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Local government and transatlantic encounters
Professional exchanges, networks and politics between Berlin and the major cities of North America, 1890–1939
In the second half of the nineteenth century, the major cities of Europe and North America experienced rapid population growth that was unprecedented in history. The changes brought about by urbanization highlighted the need for a comprehensive municipal administration in line with modern thinking. In a time of increasing globalization, when technological advancements and improved opportunities for travel brought the continents closer together, numerous connections and networks developed between municipal administrations across national borders from the 1890s onwards. The community of municipal experts concerned with urbanization discussed the pressing problems of cities and how to solve them through international conferences and exhibitions, study trips, and journalism.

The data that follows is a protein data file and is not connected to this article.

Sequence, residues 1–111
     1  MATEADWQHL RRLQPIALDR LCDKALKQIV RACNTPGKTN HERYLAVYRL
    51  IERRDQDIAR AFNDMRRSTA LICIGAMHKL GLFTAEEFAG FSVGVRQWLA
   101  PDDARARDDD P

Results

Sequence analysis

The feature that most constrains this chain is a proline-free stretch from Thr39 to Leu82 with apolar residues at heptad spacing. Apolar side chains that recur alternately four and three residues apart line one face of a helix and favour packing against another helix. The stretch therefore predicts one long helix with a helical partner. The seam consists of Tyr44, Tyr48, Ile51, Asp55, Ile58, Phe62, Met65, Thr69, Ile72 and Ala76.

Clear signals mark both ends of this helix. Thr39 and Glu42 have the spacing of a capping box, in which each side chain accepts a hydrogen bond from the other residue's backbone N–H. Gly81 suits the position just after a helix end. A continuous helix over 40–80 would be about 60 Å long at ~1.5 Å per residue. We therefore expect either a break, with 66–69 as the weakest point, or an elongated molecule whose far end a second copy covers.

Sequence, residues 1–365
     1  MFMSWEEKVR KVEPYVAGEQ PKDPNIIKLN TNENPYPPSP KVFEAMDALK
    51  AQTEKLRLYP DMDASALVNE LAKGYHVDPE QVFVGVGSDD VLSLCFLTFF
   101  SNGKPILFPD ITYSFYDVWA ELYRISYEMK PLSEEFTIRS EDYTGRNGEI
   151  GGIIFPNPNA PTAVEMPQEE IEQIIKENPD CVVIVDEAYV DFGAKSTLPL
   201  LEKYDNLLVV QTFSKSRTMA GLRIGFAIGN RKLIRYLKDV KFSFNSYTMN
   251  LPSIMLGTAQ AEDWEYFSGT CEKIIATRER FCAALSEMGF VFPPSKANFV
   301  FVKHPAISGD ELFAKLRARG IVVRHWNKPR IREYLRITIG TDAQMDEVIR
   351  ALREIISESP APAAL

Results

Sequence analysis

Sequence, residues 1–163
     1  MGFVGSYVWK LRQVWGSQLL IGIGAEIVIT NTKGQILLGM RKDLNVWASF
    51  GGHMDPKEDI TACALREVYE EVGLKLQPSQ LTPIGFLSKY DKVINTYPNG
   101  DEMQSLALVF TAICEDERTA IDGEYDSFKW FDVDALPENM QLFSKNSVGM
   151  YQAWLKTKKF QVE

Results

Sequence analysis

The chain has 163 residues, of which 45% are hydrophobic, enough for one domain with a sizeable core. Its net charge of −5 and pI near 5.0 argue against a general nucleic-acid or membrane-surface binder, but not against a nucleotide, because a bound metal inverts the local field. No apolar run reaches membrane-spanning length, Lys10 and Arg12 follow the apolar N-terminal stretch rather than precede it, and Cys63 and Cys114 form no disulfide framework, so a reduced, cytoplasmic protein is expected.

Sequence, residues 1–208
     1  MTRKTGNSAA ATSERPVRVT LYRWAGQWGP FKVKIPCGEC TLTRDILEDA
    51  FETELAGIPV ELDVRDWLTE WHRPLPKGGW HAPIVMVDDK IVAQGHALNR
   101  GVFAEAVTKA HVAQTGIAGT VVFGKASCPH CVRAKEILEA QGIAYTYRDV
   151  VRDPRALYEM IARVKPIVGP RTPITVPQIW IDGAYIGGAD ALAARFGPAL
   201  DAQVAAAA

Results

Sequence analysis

The project traces the varied elements of this transatlantic exchange of expertise. At its center is the question of the professional, intellectual, and political connections between Berlin and the major cities of the USA from the time of the German Empire to the beginning of the Second World War. On the basis of German and American sources, Berlin’s history is regarded from a transnational perspective that reveals the points of contact between the New and the Old World.